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Which of the following are countable?

  1. The set of all algebraic numbers
  2. The set of all strictly increasing infinite sequences of positive integers.
  3. The set of all infinite sequences of integers which are in arithmetic progression.

My try:

1.countable ;since algebraic numbers are roots of equation of a polynomial over $\Bbb Q$ and $\Bbb Q$ is countable so the set is countable.

2.cardinality of set of all functions from $\Bbb N\to \Bbb Z^+$ is $\Bbb N^{\Bbb N}=\mathbb c$.So uncountable.

3.Unabe to proceed.

Please check my solutions and how to proceed with $3$

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    $\begingroup$ The title seems fairly irrelevant to the question. $\endgroup$ – 211792 Oct 15 '16 at 17:38
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    $\begingroup$ The argument for 1 is unclear. $\endgroup$ – Did Oct 15 '16 at 18:41
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For the last point, you fix the starting point, the common difference, and the number of terms. So the number of arithmetic progression has cardinality $\mathbb{N}^3$, which is countable. Others are correct.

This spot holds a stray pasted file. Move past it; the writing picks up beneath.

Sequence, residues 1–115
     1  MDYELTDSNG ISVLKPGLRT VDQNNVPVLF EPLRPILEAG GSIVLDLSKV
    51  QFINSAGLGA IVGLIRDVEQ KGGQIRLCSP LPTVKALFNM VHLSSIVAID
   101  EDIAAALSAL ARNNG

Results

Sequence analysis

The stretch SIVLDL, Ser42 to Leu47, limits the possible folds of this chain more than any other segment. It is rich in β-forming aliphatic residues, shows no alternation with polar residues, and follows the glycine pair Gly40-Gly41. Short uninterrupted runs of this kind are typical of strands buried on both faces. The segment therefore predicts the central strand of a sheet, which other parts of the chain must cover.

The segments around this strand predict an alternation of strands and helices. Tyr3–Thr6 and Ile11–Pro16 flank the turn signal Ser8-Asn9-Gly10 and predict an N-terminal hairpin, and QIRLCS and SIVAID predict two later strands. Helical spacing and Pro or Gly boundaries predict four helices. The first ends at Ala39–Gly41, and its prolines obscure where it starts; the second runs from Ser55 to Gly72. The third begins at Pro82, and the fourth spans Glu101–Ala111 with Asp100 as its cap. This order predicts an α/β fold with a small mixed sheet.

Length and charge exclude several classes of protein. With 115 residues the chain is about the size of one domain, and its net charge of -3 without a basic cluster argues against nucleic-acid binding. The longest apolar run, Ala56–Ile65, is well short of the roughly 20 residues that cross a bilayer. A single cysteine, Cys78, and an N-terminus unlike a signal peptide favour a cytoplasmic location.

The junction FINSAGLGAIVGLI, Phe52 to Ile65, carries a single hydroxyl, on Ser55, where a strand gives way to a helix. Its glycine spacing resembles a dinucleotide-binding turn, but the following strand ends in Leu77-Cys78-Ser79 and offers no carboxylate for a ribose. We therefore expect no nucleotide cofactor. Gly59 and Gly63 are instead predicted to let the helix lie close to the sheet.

Edit: As Noah correctly pointed out below, the OP asks for infinite sequences in arithmetic progression. Here, you just fix the starting point and the common difference, so the number of these ones is still countable. As a shortcut, you cay regard any infinite arithmetic progression as the extension of a finite one, and since the cardinality of $\mathbb{N}$ is the "smallest" infinite, the same conclusion follows.

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  • $\begingroup$ I don't get the solution ;I will have to find the number of such sequences whose terms are in A.P. not the number of A.P. s $\endgroup$ – Learnmore Oct 16 '16 at 6:14

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